Pandora has a new feature designed to further personalize the music you listen to. The streaming music service today launched Browse, which not only serves up artists and stations you’re interested in, but also helps you discover new ones.
But here’s the catch: Browse is only available for the iPhone in the United States, Australia, and New Zealand. An Android version is coming “soon.”
“Finding new music should be a simple and enjoyable experience,” Pandora’s chief product officer, Chris Phillips, said. “The new Browse feature makes it easy to find the music you love, whether you know what you want or need a little help discovering music you didn’t know existed.”
Until today, Pandora offered limited personalization based on your reaction to existing songs and artists (e.g. thumbs up or down). Browse is now extending that capability further to include stations. “Sometimes you have no clue what you want to listen to and based off of your musical tastes, we can now recommend artist, genre, or mood based stations that we know you’ll love as a result of all your thumbs,” Phillips told VentureBeat in an email.
Browse includes analytics to tell you how many people are listening to your favorite artist or are subscribed to a particular station. This data could also help Pandora determine whether a station is popular or not and if there’s really mainstream traction for a specific artist’s music.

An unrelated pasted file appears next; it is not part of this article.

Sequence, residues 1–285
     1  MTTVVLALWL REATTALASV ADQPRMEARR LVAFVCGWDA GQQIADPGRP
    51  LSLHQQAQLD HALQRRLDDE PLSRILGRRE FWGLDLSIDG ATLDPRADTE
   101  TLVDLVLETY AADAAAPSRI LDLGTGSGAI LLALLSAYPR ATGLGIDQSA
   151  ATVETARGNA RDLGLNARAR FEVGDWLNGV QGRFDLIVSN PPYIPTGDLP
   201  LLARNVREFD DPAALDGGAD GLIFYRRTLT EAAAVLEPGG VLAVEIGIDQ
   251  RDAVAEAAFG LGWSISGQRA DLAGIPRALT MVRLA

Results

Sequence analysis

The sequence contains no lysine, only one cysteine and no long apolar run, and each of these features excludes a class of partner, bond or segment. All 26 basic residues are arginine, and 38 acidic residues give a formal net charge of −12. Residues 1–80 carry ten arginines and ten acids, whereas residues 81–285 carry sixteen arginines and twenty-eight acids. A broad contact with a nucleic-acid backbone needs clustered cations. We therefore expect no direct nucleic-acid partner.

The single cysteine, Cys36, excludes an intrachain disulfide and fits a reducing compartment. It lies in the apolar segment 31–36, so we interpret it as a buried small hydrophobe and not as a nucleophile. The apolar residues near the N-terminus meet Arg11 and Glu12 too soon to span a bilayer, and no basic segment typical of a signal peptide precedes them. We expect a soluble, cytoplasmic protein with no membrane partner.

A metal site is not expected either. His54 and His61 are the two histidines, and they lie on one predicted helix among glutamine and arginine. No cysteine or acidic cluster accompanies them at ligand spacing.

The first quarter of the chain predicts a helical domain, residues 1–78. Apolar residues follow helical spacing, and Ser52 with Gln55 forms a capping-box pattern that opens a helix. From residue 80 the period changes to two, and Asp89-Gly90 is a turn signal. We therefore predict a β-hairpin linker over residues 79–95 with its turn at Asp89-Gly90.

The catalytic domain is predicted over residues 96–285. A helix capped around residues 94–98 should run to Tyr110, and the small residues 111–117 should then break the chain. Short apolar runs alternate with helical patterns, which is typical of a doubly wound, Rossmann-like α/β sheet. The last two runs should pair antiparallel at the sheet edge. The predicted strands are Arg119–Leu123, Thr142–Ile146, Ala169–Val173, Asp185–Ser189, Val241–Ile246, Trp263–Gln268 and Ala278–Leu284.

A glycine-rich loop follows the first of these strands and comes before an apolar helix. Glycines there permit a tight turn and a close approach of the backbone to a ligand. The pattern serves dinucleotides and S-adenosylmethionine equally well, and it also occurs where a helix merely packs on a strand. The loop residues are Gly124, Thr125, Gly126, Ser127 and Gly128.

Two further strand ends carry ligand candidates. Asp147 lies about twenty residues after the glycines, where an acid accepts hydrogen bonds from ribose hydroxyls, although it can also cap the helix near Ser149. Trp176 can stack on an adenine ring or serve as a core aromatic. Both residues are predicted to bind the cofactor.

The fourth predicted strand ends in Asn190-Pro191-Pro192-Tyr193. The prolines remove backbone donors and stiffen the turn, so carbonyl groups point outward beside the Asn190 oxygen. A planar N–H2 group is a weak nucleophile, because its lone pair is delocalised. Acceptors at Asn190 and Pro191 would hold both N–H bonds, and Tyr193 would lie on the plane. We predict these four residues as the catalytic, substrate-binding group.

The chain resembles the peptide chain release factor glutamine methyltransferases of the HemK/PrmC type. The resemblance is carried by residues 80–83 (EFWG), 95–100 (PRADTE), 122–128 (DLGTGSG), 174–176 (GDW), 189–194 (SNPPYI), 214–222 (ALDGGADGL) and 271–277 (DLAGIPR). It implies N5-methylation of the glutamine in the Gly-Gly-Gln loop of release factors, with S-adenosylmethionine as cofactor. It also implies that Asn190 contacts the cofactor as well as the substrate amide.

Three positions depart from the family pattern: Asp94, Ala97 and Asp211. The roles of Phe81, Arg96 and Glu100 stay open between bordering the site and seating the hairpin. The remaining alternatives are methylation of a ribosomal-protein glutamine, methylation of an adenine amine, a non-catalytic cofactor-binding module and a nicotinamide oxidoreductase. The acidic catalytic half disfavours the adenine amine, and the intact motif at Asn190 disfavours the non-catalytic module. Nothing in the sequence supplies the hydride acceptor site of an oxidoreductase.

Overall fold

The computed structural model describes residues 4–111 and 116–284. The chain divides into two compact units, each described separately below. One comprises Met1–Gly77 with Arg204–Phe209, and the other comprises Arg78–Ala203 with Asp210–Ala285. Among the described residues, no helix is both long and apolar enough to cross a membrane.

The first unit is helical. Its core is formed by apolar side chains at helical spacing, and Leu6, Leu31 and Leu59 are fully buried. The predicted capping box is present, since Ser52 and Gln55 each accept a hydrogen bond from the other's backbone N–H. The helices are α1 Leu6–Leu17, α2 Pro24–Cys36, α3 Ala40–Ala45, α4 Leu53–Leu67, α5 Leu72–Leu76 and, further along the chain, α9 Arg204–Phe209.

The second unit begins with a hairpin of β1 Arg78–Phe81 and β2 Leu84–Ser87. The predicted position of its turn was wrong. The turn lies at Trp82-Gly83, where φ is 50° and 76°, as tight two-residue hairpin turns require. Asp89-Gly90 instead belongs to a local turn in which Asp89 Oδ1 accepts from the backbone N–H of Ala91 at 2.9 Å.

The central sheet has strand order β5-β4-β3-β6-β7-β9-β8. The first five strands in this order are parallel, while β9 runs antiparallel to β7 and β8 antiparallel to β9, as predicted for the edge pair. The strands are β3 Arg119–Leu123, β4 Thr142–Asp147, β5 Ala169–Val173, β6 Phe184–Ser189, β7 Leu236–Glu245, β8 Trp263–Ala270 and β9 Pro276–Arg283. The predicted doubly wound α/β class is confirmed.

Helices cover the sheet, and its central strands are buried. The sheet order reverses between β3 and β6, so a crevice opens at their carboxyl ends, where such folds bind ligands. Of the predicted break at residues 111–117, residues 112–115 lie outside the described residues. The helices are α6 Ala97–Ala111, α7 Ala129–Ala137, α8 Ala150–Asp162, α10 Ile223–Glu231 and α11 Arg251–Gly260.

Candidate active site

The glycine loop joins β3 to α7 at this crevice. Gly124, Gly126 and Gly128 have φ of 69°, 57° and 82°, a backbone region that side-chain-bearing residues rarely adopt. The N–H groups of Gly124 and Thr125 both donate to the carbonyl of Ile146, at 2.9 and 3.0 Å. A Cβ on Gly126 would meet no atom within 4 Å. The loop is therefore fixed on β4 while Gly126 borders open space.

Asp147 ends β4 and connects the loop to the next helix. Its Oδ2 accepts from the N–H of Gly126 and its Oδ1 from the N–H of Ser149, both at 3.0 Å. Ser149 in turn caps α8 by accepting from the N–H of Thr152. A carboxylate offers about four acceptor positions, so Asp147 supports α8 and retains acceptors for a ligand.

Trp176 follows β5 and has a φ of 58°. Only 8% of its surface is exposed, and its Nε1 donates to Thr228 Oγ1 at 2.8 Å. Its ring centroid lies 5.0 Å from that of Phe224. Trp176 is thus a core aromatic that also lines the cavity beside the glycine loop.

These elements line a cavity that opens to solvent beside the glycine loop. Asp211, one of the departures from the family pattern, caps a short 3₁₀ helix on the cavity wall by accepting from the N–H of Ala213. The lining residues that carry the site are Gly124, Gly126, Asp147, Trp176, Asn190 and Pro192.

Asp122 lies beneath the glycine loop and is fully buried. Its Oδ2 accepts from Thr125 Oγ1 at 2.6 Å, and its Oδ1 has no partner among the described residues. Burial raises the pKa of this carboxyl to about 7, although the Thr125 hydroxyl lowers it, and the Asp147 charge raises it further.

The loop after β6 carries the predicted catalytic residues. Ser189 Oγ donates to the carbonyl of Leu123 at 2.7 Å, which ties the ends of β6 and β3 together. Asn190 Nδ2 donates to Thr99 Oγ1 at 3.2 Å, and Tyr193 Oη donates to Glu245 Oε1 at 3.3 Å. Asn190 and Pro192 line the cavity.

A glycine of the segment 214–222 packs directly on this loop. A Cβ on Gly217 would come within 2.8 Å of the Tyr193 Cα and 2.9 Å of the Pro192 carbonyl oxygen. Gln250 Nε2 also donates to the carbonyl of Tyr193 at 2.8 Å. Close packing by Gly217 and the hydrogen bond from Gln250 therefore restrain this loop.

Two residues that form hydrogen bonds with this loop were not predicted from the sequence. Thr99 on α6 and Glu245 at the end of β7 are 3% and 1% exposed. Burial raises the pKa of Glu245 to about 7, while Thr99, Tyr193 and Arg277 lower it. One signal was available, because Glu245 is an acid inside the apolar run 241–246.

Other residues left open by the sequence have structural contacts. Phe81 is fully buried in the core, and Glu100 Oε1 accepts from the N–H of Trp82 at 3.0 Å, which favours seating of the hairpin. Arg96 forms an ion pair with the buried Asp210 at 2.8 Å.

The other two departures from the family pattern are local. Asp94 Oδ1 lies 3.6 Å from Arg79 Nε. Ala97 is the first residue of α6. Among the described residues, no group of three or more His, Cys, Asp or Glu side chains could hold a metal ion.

This release comes a few weeks after Pandora announced the acquisition of “key assets” of Rdio for $75 million. Phillips denied that any of Rdio’s technology was included in Browse but added: “We do see tremendous opportunities to unlock the combined value of Ticketfly, Next Big Sound, and Rdio in our listener products.”
Helping people discover new music is the core service offered by services like Pandora, but Browse’s capability could also give Pandora a chance to gather more data about your listening habits and find ways to translate that into real-life events, powered by Ticketfly. And while services like Spotify may offer weekly discovery, Pandora helps you discover entire new playlists, which can change as often as you like, thereby introducing you to a great deal more music.
Pandora also has unveiled a new look and feel to its app, designed to make accessing and listening to music easier. Listeners can find out what’s playing just by tapping on the screen. There’s also a new “fly-out menu” in the top left corner of the screen that lists stations, your feed, profile, and settings. What’s more, your stations are now listed alphabetically or by recent listens. Lastly, the artist pages have been redesigned so you can form a deeper connection with your favorites.
When asked about the aesthetic changes, Phillips replied: “Simplicity is a feature. The mobile app refresh that accompanies Browse elevates simplicity so that the addition of Browse doesn’t disorient listeners or crowd the experience. Moving the navigation to the fly-out menu makes room for the mini player, which we feel is essential while Browsing. But in the process we were careful to be sure that navigation remains strictly optional – any listener can play music, change stations, search and discover new music without having to navigate.”